Dems fold on Ashcroft

By Alicia Montgomery

Published February 5, 2001 8:00PM (EST)

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After working hard all my life and contributing continually to the Democratic case, I am furious at this latest show of downright cowardly acts by our so-called Democratic Party.

They fell like dominoes to the words and acts of Trent Lott and Tom DeLay, to act as their slaves for the next four years. When it came time for the Democrats' voices to be heard, they folded.

I do believe in two years, come election time, there will be more Democrats leaving. The ones who wouldn't listen to Sen. Kennedy and join the filibuster should be shunned the rest of their terms.

No wonder the stock market is falling and big layoffs are coming, with those bright pea-brain Democrats we have in office. Maybe they are going to start their own churches, and get that $45 billion contribution from the rest of us Democrats in extra tax money. Please give Daschle and Feingold a big allotment of it because they will never make it as president in this voter's opinion.

-- Seybourne Wales

Patricia Ireland, president of the National Organization of Women, just can't understand why Feingold voted in favor of confirming Ashcroft. It must come as a surprise to her that a Democrat wouldn't toe NOW's party line. We can only hope that more members of Congress have the guts like Feingold to do the right thing as they see it.

-- David P. Graf

Once again the Republicans show they know how to play the game to win while the Democrats try to show us they know how to play "nice." Somehow in the last month the Republicans have defined bipartisanship as rolling over for Bush. And the Democrats, by and large, have bought it.

Where is the Democrats' sense of responsibility to the people who didn't vote for Bush and his agenda? Don't they understand that we expect them to represent our point of view? That means more than condemning Ashcroft's (or Norton's) record while buying their assurances that somehow they will act different in office once confirmed and then voting for them.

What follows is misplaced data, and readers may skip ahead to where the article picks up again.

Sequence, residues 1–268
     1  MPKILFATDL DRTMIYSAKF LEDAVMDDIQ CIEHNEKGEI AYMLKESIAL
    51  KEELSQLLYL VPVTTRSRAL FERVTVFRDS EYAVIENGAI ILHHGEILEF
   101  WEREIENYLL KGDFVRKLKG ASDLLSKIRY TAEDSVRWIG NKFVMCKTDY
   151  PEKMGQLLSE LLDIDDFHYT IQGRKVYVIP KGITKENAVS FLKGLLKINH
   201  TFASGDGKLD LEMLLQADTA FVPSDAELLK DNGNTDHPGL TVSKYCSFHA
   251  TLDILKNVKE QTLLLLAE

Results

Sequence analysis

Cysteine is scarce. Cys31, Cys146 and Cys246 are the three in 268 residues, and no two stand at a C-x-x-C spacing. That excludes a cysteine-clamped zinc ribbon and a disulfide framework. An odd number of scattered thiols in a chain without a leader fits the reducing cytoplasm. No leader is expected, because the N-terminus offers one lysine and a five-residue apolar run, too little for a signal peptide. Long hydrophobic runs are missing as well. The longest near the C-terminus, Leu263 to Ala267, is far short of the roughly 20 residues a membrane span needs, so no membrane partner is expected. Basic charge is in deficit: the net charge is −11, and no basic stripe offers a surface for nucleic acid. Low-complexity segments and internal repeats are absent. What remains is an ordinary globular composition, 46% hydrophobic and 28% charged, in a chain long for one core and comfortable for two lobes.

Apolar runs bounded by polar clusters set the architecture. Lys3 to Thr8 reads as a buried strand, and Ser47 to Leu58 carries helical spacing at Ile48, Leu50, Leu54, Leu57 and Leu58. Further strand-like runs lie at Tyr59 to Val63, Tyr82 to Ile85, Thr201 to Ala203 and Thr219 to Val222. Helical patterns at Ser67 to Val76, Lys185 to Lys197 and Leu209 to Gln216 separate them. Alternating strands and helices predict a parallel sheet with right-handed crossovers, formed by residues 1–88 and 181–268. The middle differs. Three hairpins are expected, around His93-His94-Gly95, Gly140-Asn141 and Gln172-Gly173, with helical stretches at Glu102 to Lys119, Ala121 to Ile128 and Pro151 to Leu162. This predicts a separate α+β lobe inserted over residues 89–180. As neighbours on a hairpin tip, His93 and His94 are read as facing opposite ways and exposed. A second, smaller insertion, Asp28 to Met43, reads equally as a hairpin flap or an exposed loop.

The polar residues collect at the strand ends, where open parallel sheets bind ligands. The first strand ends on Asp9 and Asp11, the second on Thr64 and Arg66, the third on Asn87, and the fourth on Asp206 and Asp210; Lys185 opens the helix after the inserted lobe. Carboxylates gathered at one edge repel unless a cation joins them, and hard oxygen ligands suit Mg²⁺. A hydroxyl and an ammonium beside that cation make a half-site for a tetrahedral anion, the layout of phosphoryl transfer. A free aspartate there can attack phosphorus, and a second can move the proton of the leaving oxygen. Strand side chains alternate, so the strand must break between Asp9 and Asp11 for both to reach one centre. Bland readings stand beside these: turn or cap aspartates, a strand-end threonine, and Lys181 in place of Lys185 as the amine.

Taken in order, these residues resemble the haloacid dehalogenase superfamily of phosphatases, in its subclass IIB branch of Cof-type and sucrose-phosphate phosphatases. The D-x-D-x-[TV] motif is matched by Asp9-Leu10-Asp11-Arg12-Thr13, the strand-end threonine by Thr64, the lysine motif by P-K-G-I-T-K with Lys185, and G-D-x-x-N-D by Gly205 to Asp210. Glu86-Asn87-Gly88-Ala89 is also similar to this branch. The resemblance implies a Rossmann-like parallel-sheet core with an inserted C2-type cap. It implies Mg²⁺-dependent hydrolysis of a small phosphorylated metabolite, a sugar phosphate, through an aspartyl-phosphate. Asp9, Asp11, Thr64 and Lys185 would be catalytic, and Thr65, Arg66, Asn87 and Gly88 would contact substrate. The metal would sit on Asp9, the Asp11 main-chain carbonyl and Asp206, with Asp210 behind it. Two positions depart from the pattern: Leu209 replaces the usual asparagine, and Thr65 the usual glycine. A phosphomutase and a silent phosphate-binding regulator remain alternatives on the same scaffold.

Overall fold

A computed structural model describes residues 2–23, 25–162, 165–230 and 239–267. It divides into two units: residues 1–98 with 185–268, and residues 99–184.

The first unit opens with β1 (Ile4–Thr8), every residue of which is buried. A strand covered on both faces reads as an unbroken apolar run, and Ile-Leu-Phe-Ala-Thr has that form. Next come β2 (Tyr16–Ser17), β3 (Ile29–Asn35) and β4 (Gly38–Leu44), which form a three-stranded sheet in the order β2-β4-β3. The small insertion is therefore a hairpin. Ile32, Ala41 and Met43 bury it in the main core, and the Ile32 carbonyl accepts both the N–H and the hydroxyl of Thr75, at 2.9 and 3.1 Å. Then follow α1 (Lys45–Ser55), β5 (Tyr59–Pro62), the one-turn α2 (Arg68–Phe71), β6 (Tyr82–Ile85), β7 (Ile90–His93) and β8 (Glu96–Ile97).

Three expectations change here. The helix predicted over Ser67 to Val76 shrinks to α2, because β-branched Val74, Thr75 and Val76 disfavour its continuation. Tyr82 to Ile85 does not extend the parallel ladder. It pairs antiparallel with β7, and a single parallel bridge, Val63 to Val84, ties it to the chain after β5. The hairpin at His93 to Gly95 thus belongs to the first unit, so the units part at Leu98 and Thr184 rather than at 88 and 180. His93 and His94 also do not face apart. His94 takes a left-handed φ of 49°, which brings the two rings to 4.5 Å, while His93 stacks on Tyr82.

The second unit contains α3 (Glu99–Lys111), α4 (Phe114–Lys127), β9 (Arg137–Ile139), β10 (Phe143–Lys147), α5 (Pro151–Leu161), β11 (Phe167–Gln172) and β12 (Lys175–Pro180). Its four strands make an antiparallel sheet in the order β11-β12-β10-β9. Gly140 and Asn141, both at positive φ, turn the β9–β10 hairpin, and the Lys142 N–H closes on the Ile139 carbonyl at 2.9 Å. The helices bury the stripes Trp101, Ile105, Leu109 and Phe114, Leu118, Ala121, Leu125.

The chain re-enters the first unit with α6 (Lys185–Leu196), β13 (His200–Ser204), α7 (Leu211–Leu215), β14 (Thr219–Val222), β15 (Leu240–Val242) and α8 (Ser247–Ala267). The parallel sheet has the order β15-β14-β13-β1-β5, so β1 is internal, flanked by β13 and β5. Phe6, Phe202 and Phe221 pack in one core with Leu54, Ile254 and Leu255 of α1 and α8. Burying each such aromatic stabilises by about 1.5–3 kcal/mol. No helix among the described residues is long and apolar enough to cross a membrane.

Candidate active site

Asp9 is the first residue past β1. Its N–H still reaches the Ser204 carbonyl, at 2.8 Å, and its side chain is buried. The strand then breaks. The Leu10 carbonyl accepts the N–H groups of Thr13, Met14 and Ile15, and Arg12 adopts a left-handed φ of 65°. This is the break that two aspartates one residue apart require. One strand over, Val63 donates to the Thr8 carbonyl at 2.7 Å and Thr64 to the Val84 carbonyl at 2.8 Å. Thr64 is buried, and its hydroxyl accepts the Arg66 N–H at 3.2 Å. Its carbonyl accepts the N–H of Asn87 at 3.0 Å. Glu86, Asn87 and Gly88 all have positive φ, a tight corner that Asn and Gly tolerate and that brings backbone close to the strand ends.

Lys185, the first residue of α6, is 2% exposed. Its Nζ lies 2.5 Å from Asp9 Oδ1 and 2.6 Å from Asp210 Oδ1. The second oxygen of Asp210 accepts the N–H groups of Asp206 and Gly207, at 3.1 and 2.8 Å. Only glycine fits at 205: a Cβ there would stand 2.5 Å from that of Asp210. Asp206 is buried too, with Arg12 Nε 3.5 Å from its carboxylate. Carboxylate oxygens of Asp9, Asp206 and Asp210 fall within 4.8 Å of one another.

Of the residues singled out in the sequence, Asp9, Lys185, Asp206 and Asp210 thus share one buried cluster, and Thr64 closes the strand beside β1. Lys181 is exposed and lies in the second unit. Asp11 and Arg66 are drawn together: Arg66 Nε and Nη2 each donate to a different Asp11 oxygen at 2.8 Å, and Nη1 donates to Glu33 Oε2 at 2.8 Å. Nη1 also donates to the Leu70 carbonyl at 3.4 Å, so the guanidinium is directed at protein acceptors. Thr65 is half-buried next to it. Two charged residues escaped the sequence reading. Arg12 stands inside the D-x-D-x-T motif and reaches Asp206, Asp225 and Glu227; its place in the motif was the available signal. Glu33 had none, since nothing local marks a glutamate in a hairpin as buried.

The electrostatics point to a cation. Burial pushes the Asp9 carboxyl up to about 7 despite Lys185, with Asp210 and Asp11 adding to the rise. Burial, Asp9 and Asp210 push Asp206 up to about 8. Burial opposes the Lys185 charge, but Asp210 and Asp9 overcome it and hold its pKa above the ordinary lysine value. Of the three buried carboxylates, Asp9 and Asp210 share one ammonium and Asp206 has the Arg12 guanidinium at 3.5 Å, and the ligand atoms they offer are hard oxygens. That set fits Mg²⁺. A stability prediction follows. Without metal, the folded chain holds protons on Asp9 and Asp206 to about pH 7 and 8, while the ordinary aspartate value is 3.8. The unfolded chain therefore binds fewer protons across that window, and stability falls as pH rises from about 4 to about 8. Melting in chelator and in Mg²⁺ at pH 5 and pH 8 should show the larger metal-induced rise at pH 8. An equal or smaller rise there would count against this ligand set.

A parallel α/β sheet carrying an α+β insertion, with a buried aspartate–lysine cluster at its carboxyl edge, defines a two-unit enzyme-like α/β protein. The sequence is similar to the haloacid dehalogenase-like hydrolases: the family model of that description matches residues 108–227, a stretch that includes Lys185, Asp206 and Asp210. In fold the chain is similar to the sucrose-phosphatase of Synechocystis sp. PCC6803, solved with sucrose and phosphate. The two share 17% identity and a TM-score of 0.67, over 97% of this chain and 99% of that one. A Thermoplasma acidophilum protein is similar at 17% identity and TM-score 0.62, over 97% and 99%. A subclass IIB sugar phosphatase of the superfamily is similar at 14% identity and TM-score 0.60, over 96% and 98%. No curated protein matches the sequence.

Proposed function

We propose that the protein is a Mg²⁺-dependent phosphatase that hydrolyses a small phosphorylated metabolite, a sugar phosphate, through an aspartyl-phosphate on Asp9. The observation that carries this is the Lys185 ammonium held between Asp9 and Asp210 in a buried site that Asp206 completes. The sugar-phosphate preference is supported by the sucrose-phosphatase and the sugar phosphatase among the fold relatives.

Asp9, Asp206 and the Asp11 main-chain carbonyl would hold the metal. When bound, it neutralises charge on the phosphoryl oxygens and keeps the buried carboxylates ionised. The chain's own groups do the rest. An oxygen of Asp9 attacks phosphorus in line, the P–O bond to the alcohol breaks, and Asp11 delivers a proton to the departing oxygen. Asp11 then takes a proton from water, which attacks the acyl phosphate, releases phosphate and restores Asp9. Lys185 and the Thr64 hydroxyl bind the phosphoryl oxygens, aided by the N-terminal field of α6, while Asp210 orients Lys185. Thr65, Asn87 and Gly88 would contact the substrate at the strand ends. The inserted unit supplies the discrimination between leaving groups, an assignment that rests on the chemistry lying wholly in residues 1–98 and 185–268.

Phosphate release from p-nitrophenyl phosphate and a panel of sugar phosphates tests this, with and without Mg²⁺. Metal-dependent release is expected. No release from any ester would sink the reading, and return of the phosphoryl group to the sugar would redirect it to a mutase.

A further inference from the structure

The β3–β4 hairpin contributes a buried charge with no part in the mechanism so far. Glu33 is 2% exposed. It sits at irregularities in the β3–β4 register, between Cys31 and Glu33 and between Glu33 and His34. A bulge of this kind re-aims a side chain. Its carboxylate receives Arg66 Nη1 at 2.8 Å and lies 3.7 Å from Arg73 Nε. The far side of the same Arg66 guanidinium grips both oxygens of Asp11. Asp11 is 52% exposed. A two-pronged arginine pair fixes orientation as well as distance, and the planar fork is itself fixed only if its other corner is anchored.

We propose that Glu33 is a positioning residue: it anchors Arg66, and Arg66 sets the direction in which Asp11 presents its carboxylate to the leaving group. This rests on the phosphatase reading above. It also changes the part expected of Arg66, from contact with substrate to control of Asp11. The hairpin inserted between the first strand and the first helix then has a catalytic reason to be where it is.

I was really hoping I could stop shouting at my TV set after the Florida debacle so I could get my voice back. But I've gone from being enraged at the Republicans to being furious at the Democrats. I'm now shopping for a new opposition party. Maybe Ralph Nader had a point when he said there was no difference.

-- Rory Murphy

What is not understood "inside the Beltway" is the extent to which happenings there are now instantly transmitted everywhere else. Those who decry the Democrats for not going to war on Ashcroft are too caught up in the inside game to realize that they look like jackasses to the rest of the country.

When the Republicans have a lock-step 51-vote majority (not counting Miller masquerading as a Democrat), the Dems are right to protest, squeal, scream, whatever. But they are also right to vote in favor of the president's nominee. That way, they register their concern for the record, but aren't counted as obstructionist.

Ashcroft will take care of his own and Bush's reputation soon enough. As it is, not only would the Dems lose, but Daschle could take a press hit for not being able to deliver the 30 no votes that he foolishly predicted on national TV.

Make no mistake. The only (legal) opportunity that the majority of America has to stop Bush and his agenda is to vote in a Democratic Congress in two years. All this vitriol wastes energy better spent volunteering at your local Democratic Party headquarters, or writing a check to them.

Focus, focus, focus!

-- Fred Arnold

By Salon Staff

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